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Title: Next-Gen 3: Sequencing, Modeling, and Advanced Biofuels - Final Technical Report

Abstract

Successful, scalable implementation of biofuels is dependent on the efficient and near complete utilization of diverse biomass sources. One approach is to utilize the large recalcitrant biomass fraction (or any organic waste stream) through the thermochemical conversion of organic compounds to syngas, a mixture of carbon monoxide (CO), carbon dioxide (CO 2), and hydrogen (H 2), which can subsequently be metabolized by acetogenic microorganisms to produce next-gen biofuels. The goal of this proposal was to advance the development of the acetogen Clostridium ljungdahlii as a chassis organism for next-gen biofuel production from cheap, renewable sources and to detail the interconnectivity of metabolism, energy conservation, and regulation of acetogens using next-gen sequencing and next-gen modeling. To achieve this goal we determined optimization of carbon and energy utilization through differential translational efficiency in C. ljungdahlii. Furthermore, we reconstructed a next-generation model of all major cellular processes, such as macromolecular synthesis and transcriptional regulation and deployed this model to predicting proteome allocation, overflow metabolism, and metal requirements in this model acetogen. In addition we explored the evolutionary significance of tRNA operon structure using the next-gen model and determined the optimal operon structure for bioproduction. Our study substantially enhanced the knowledgebaase for chemolithoautotrophs andmore » their potential for advanced biofuel production. It provides next-generation modeling capability, offer innovative tools for genome-scale engineering, and provide novel methods to utilize next-generation models for the design of tunable systems that produce commodity chemicals from inexpensive sources.« less

Authors:
 [1];  [2];  [1]
  1. Univ. of California, San Diego, CA (United States). Dept. of Pediatrics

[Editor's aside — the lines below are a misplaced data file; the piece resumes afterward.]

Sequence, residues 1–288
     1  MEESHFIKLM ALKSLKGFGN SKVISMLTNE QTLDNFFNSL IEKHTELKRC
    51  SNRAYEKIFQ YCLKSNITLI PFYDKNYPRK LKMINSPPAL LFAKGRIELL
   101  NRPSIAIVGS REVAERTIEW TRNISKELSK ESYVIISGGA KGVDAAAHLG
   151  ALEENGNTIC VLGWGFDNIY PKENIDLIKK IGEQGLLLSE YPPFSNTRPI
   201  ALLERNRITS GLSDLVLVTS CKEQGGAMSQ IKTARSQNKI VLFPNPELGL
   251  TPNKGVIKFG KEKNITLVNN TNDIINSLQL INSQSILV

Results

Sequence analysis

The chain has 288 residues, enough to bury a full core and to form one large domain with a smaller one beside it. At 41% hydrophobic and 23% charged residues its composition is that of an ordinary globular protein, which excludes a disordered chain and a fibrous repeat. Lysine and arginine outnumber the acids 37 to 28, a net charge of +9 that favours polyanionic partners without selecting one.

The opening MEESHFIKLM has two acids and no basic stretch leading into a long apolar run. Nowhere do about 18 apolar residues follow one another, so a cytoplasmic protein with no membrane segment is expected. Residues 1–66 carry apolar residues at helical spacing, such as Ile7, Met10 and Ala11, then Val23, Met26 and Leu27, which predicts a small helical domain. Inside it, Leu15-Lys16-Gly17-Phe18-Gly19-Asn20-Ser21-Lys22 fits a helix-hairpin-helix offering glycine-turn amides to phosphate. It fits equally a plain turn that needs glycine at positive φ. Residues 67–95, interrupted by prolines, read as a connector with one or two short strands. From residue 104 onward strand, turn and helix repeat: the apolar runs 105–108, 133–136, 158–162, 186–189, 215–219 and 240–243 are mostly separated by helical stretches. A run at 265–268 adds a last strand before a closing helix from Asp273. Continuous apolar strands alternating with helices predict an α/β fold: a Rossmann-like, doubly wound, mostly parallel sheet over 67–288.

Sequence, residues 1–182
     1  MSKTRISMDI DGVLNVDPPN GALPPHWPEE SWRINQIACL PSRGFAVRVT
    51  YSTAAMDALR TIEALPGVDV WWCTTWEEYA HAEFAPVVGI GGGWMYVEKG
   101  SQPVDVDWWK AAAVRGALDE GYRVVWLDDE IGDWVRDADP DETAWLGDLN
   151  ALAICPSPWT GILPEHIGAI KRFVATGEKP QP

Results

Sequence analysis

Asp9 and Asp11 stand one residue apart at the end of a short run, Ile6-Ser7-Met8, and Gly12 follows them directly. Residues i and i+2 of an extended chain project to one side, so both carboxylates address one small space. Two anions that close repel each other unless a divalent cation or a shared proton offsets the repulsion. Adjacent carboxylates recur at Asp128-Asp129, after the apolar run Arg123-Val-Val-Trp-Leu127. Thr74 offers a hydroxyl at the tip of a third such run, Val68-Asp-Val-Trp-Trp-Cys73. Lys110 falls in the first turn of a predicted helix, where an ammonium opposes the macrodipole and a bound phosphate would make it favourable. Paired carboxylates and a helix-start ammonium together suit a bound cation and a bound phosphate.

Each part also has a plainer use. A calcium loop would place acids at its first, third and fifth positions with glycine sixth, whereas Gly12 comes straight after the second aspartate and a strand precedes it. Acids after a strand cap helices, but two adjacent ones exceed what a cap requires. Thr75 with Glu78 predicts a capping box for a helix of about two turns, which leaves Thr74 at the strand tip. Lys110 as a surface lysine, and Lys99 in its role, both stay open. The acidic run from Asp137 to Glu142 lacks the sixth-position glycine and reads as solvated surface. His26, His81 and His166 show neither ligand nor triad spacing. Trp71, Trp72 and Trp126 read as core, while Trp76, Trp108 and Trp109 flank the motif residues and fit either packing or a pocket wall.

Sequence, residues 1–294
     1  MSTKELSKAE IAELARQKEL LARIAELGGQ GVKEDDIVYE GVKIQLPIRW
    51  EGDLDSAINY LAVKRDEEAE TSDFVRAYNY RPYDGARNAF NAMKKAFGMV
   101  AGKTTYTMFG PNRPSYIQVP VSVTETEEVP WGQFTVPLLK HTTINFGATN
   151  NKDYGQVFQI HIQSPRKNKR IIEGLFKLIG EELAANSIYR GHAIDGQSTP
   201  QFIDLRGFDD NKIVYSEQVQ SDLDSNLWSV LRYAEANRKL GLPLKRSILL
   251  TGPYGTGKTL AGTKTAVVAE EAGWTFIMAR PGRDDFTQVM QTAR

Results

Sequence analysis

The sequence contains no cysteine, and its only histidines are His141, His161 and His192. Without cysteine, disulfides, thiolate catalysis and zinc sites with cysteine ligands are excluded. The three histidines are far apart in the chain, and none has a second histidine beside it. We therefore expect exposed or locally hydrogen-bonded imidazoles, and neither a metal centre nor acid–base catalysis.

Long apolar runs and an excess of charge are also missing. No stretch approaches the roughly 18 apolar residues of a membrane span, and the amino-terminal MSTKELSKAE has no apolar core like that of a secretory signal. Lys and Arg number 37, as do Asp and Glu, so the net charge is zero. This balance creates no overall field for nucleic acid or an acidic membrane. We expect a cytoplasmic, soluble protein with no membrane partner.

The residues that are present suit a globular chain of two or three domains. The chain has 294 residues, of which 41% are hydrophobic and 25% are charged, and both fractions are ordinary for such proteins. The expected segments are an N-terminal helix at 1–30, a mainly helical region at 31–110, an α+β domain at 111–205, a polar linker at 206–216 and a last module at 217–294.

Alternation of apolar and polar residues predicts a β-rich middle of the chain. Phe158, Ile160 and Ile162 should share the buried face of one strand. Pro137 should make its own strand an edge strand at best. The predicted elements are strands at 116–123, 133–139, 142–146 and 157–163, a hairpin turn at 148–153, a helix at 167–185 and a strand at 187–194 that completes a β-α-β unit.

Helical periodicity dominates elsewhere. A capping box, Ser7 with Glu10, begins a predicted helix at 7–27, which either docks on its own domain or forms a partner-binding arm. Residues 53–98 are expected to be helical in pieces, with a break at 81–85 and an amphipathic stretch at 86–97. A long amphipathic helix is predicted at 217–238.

2. Univ. of California, San Diego, CA (United States). Dept. of Bioengineering
Publication Date:
Research Org.:
Univ. of California, San Diego, CA (United States)
Sponsoring Org.:
USDOE Office of Science (SC), Biological and Environmental Research (BER) (SC-23). Biological Systems Science Division
OSTI Identifier:
1413757
Report Number(s):
DOE-UCSD-12586
DOE Contract Number:  
SC0012586
Resource Type:
Technical Report
Country of Publication:
United States
Language:
English
Subject:
09 BIOMASS FUELS; biofuel; acetogen; Clostridium ljungdahlii; systems biology; translational efficiency; Ribo-seq

Citation Formats

Zengler, Karsten, Palsson, Bernhard, and Lewis, Nathan. Next-Gen3: Sequencing, Modeling, and Advanced Biofuels - Final Technical Report. United States: N. p., 2017. Web. doi:10.2172/1413757.
Zengler, Karsten, Palsson, Bernhard, & Lewis, Nathan. Next-Gen3: Sequencing, Modeling, and Advanced Biofuels - Final Technical Report. United States. doi:10.2172/1413757.
Zengler, Karsten, Palsson, Bernhard, and Lewis, Nathan. Wed . "Next-Gen3: Sequencing, Modeling, and Advanced Biofuels - Final Technical Report". United States. doi:10.2172/1413757. https://www.osti.gov/servlets/purl/1413757.
@article{osti_1413757,
title = {Next-Gen3: Sequencing, Modeling, and Advanced Biofuels - Final Technical Report},
author = {Zengler, Karsten and Palsson, Bernhard and Lewis, Nathan},
abstractNote = {Successful, scalable implementation of biofuels is dependent on the efficient and near complete utilization of diverse biomass sources. One approach is to utilize the large recalcitrant biomass fraction (or any organic waste stream) through the thermochemical conversion of organic compounds to syngas, a mixture of carbon monoxide (CO), carbon dioxide (CO2), and hydrogen (H2), which can subsequently be metabolized by acetogenic microorganisms to produce next-gen biofuels. The goal of this proposal was to advance the development of the acetogen Clostridium ljungdahlii as a chassis organism for next-gen biofuel production from cheap, renewable sources and to detail the interconnectivity of metabolism, energy conservation, and regulation of acetogens using next-gen sequencing and next-gen modeling. To achieve this goal we determined optimization of carbon and energy utilization through differential translational efficiency in C. ljungdahlii. Furthermore, we reconstructed a next-generation model of all major cellular processes, such as macromolecular synthesis and transcriptional regulation and deployed this model to predicting proteome allocation, overflow metabolism, and metal requirements in this model acetogen. In addition we explored the evolutionary significance of tRNA operon structure using the next-gen model and determined the optimal operon structure for bioproduction. Our study substantially enhanced the knowledgebaase for chemolithoautotrophs and their potential for advanced biofuel production. It provides next-generation modeling capability, offer innovative tools for genome-scale engineering, and provide novel methods to utilize next-generation models for the design of tunable systems that produce commodity chemicals from inexpensive sources.},
doi = {10.2172/1413757},
journal = {},
number = ,
volume = ,
place = {United States},
year = {Wed Dec 27 00:00:00 EST 2017},
month = {Wed Dec 27 00:00:00 EST 2017}
}

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